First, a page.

Diabetes and Your Eyes
Over 34 million Americans have diabetes. About 1 in 5 of these individuals do not know they have diabetes. In addition there are nearly 90 million Americans with prediabetes.
Over time, diabetes damages the blood vessels in our body. This damage to our blood vessels is what leads to blindness, kidney problems and cardiovascular problems.
With a dilated eye exam, your eye doctor is able to get a firsthand view of the blood vessels in the back of your eye. This provides a view of how other blood vessels throughout the body may be affected by diabetes.
Diabetic retinopathy is the most common form of diabetic eye disease. It is the leading cause of blindness in adults between the ages of 20-74. Once vision is lost, it often cannot be restored.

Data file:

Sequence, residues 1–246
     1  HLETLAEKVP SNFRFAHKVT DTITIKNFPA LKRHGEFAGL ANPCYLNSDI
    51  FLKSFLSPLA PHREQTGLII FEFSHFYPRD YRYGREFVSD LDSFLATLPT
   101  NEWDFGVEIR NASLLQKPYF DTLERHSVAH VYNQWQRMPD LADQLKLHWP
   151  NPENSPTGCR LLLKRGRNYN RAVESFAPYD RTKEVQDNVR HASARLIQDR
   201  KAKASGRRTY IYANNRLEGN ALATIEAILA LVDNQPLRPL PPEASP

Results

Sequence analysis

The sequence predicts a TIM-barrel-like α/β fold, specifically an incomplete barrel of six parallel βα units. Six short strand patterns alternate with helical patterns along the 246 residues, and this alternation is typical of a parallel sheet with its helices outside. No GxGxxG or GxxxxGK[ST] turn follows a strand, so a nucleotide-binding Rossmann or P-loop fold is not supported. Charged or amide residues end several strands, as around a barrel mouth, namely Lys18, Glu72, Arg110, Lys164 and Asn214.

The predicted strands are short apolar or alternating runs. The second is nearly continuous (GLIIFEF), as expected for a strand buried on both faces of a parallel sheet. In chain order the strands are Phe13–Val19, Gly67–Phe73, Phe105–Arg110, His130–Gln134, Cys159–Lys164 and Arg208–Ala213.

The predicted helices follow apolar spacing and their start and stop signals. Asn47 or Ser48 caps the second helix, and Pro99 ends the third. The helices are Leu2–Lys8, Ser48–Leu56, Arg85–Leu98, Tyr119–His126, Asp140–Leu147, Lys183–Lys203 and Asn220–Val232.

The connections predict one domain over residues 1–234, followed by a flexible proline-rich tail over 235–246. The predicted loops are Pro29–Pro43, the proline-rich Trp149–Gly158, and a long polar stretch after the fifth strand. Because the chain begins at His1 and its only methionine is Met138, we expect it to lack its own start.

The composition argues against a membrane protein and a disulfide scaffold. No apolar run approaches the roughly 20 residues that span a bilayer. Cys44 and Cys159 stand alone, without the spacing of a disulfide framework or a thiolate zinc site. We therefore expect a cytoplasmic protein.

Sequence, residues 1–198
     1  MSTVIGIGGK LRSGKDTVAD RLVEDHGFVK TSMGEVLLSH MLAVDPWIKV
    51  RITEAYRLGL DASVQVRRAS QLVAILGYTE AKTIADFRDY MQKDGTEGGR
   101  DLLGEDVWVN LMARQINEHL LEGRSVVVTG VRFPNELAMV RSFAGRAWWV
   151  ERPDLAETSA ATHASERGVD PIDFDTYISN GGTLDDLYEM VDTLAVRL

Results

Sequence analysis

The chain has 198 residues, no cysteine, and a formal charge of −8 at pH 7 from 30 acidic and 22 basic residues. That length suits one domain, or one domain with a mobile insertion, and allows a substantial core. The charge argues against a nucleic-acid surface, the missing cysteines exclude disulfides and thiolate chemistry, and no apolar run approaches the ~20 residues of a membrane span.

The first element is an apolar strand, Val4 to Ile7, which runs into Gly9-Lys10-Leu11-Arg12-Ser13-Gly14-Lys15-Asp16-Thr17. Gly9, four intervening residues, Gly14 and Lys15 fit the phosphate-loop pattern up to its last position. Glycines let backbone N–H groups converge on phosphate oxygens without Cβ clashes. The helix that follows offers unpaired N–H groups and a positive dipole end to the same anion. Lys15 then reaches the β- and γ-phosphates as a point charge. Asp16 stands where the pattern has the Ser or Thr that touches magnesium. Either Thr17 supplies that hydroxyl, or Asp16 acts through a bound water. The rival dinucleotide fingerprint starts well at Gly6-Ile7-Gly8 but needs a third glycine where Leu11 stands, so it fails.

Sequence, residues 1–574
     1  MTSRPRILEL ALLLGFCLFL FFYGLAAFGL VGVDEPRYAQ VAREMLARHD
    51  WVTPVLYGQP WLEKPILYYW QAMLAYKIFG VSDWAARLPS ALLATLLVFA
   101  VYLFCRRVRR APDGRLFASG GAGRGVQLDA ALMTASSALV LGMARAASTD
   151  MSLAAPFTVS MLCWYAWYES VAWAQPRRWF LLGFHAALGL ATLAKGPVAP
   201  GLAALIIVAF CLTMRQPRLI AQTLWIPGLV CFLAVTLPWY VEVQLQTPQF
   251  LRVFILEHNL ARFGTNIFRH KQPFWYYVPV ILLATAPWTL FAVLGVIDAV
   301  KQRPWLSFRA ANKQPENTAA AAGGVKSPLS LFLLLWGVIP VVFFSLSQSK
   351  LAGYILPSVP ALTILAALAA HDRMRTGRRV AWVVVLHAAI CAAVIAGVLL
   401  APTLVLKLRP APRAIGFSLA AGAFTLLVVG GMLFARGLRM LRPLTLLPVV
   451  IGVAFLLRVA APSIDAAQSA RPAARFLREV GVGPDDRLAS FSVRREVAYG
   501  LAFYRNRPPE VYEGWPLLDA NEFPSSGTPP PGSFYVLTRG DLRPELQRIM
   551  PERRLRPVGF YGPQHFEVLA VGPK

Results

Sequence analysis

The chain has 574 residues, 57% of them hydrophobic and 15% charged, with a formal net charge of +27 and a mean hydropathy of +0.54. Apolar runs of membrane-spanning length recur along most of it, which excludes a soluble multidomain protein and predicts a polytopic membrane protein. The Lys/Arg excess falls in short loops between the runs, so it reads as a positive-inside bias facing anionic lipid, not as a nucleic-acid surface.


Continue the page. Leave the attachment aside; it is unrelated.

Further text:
Diabetic retinopathy affects nearly 8 million Americans and is projected to grow to nearly 15 million Americans by 2030.
Risk factors for diabetic retinopathy include the following:
• Length of time a person has had diabetes – the longer a person has had diabetes, the greater the risk of developing diabetic retinopathy
• Poor control of blood sugar levels
• High blood pressure
• High cholesterol
• Certain ethnicities – African-Americans, Hispanic and Native Americans are at an increased risk
Early detection, timely treatment and appropriate follow-up care can reduce one’s risk of severe vision loss by as much as 95%. Despite this, only about half of all diabetics get a yearly, dilated eye exam.
If you have diabetes, make sure yearly, dilated eye exams are part of your healthcare routine. Living with diabetes is a constant battle, but vision loss does not have to be part of this battle.